I always did, since the age of 4 when my mom was sick and tired of playing Go FISH!  But I really do wonder how much of our lives have changed forever.  It’s convenient to relax watching TV for me as there’s no work involved beyond laying down on the couch.  But I cringed inside when a college professor asked how many people in our class read books, and I was one of two people to raise my hand.  I always brought a library book with me in case I had a few extra minutes.  More commonly, people will check their phones.  Why can they not unplug for a few seconds of downtime?

Johnson subtly notes the demise of reading, writing,

I wouldn’t say my parents were intellectuals, but they were great readers, even if the adult conversation in our house was mostly about someone’s golf handicap or unexpected conditions on the seventh green.  People read more books in those days (p. 49).

I feel like people today are looking for the easiest way out.  I have to commend the French on this one; Americans always have to be comfortable and have life convenient.  We blast our air conditioners in the summer, we microwave meals and look for the most processed foods, and we throw things out instead of fixing them.  Now I can’t speak to whether the French have a better approach to any of these points but

I’m willing to entertain the idea that the French just might value intellect as a result of their knowledge and respect for history and the way things and culture have always been more than Americans.

Perhaps this is Johnson’s point in writing about Americans naivete as a result of our “indifference to history.”  Is this the root of our intellectual disconnect?  Or is  Johnson seeing “la vie en rose”?  Perhaps her French friends are more cultured than their American counterparts.  However, heck, even in France, frozen meals are threatening the vitality of home cooked ones.

One more point to carefully consider, I believe, is Americans’ attitude towards wealth.  In the span of twenty years it seems we have become a nation worshiping not only ease and convenience but also youth and beauty (often inextricably linked) as well as money.  How we go about achieving the latter three characteristics even speaks to the unhealthiness of our obsessions.  Americans are always looking for a shortcut.  We undergo plastic surgery, try diet pills and ridiculous fad diets plus exercise plans to look young and beautiful, if unnatural.  Most importantly, however, we look for respect and power in being rich.  Perhaps France’s socialist government is good for one thing.  The French may not worship a god but they also don’t worship money like we Americans do alongside our God.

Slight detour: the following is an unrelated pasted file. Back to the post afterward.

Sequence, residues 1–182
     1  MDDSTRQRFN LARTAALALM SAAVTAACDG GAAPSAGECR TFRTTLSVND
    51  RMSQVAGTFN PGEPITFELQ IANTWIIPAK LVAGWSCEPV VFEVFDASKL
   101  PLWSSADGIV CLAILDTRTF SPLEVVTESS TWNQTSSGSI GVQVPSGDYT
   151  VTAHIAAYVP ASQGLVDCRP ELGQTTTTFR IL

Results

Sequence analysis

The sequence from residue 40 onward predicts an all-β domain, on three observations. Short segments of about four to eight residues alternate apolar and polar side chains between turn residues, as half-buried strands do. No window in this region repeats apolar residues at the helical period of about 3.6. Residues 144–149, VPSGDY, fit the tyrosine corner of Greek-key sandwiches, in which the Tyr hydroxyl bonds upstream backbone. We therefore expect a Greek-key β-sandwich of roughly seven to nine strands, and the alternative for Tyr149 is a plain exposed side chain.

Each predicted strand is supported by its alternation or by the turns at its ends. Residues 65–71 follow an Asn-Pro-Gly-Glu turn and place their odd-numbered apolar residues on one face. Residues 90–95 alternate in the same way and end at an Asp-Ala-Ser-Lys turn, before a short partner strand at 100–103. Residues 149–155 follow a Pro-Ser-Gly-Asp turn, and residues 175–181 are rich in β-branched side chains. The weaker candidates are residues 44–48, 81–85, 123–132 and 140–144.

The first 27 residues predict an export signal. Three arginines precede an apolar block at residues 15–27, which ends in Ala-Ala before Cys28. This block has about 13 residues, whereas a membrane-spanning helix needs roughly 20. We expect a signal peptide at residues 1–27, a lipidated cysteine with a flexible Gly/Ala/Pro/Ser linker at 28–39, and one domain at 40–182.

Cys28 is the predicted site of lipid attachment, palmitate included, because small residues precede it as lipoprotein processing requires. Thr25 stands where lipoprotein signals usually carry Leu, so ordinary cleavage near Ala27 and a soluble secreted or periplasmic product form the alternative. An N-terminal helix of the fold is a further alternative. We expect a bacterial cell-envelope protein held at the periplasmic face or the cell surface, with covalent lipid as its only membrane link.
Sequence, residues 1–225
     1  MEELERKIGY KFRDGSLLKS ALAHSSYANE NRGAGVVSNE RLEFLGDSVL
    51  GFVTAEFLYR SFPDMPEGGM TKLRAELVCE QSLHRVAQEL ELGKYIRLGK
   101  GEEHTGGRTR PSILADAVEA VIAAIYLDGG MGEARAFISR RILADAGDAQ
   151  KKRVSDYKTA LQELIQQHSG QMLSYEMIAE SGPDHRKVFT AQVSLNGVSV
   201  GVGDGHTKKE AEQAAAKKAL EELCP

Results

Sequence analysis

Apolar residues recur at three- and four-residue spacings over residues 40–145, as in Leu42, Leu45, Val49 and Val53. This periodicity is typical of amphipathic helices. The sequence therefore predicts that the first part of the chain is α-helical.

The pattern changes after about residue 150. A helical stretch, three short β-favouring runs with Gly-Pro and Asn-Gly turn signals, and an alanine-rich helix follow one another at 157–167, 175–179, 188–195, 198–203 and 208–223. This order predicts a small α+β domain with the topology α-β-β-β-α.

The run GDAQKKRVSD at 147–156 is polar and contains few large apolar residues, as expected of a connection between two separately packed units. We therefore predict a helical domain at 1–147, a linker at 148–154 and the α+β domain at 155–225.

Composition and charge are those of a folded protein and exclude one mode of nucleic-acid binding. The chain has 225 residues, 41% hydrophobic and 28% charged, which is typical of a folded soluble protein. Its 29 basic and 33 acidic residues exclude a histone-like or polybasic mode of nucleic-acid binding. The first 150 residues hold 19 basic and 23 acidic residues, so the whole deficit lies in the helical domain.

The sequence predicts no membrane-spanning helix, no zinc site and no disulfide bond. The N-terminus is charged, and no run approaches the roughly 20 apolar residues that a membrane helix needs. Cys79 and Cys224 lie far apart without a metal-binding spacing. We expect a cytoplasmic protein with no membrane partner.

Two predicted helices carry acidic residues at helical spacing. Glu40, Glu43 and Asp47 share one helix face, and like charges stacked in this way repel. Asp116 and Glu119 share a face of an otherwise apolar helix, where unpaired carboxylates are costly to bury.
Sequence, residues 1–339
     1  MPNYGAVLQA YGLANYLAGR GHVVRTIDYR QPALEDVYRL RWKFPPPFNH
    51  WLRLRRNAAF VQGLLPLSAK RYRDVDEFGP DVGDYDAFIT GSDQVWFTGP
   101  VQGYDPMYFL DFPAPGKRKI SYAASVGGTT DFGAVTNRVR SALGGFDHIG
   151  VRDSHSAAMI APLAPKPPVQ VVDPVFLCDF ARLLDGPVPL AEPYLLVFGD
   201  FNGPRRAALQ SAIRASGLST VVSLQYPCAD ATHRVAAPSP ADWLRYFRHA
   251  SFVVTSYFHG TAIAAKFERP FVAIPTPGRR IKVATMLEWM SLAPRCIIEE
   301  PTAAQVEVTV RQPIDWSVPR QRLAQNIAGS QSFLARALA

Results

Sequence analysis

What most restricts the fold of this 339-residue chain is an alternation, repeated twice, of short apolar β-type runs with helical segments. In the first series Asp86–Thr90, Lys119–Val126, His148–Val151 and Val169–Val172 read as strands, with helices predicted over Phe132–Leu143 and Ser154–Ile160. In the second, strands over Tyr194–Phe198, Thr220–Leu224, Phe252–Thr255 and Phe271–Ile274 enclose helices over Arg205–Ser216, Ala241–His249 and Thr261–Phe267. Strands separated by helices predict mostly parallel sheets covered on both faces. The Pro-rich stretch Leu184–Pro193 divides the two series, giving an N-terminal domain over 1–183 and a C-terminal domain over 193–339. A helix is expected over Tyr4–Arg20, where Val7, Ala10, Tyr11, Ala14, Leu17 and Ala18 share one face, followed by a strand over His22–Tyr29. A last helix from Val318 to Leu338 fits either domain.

Johnson writes,

Though money was never mentioned, an attitude toward it was implied: it would be somehow tacky to do something you didn’t enjoy just for the money.  The corollary was that if you did, the money wouldn’t make you happy.  My parents had both come from a whole tradition of making things, which is also a form of play, as the best things are… (p. 45)

Have people really changed so much in just a few short generations?  Or has this always been how people have been and we never were able to read enough accounts of the average person’s life to know what he/she was really like?  Johnson shares in my skepticism:

You hear nowadays that these small cities and towns in the Midwest are hotbeds of meth labs and speed.  Can that be true?

What are we to think?  For the record, I’d like to think enough things won’t change to realize what’s still important.  For the children being brought up in this strange, ever-changing environment, I hope people teach that you can never have too exceptional of people skills, nor can you ever go wrong having the ability to entertain yourself and others when technology is not around.  Here’s to the good (simple) life and turning an eye to the past to see what we can learn.